News of the positive test from October was leaked Dec. 10 and immediately set off a firestorm. Braun, 28, is one of the brightest rising stars in the game. Voted as last year’s National League MVP, he has also been an All-Star each of the last four seasons. Now, you can add “accused of cheating” to his resume.

Braun’s audience now has reason to doubt his innocence and diminish his accomplishments. That is simply the baseball world in which we live. And I cannot stand it.

I believe two things with every fiber of my being. The first is that baseball experienced an unfortunate era during which players used drugs to cheat, and fans may never know how to perceive events that took place during this time. The second is that this era has passed, and with it needs to go the attitude that success of players warrants suspicion of drug use.

Braun’s positive test is not cut and dry. While details may never be known to be absolutely true, sources have been quoted as saying that his test was “insanely high, the highest ever for anyone who has ever taken a test, twice the level of the highest test ever taken.” It doesn’t make sense that someone who has undergone drug testing for his entire career would suddenly begin using banned substances at rates that sent results off the charts.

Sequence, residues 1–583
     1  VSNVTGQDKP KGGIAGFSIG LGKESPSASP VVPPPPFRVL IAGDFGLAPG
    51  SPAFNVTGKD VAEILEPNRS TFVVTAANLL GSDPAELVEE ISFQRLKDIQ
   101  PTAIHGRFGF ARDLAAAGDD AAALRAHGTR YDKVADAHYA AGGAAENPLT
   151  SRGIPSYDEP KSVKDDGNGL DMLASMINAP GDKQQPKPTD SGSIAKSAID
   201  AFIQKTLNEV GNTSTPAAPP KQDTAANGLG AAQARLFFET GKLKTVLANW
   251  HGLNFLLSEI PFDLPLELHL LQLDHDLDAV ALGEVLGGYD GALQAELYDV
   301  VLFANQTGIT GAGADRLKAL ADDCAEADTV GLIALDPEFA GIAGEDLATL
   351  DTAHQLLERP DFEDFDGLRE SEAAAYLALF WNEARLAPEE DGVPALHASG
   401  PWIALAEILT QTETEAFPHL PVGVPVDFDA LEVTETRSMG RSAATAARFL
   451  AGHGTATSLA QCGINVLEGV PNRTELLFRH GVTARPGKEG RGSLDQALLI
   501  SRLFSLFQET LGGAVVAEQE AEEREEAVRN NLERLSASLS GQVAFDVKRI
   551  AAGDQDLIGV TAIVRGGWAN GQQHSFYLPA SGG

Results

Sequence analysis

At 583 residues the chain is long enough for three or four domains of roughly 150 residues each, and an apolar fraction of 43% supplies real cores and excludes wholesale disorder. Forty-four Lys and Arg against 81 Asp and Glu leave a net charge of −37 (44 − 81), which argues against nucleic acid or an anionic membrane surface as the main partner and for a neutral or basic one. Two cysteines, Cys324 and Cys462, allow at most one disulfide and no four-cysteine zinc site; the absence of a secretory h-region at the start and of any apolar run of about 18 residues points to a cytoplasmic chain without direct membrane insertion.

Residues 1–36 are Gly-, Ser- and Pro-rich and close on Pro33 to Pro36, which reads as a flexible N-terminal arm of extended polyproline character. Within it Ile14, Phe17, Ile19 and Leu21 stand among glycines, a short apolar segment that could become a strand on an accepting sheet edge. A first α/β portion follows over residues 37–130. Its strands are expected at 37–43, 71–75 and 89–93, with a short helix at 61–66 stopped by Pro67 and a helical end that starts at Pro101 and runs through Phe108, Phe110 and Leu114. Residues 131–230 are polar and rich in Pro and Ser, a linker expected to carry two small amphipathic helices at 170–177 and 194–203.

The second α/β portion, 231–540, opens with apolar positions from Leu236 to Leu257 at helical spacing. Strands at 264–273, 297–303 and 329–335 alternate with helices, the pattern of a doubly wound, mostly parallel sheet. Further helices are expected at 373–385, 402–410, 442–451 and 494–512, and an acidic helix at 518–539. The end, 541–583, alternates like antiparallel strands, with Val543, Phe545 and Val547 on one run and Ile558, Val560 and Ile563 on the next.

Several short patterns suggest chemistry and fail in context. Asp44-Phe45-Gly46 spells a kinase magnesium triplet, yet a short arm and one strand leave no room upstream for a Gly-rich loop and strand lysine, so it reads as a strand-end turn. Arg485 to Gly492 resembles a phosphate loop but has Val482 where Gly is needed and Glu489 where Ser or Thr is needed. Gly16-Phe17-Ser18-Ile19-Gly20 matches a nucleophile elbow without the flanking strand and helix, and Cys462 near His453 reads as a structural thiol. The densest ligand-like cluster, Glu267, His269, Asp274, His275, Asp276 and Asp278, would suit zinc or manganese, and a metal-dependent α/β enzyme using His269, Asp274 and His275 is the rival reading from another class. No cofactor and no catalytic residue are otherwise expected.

Additionally, once Braun learned of the positive test, he immediately took another, which reflected normal testosterone levels. Even if the first was caused by a drug that was ingested with the intent of improving on-field performance, how would a second subsequent test show no physical difference from a normal human?

While Braun is appealing the ruling that would force him into a 50-game suspension, he faces an uphill climb. Whether he appeals on grounds of a false positive test or an accidental ingestion of a drug meant to treat a specific medical issue, he will forever remain the victim of suspicion because of the timing of allegations against him.

Near the end of the 2009 season, a little-known utility man named Jose Bautista enlisted the help of a hitting coach and slightly changed his approach at the plate. The results were immediate, as he hit 8 home runs in the month of September alone. The next year, he continued his success and hit 54 home runs, the most since Alex Rodriguez hit 54 in 2007.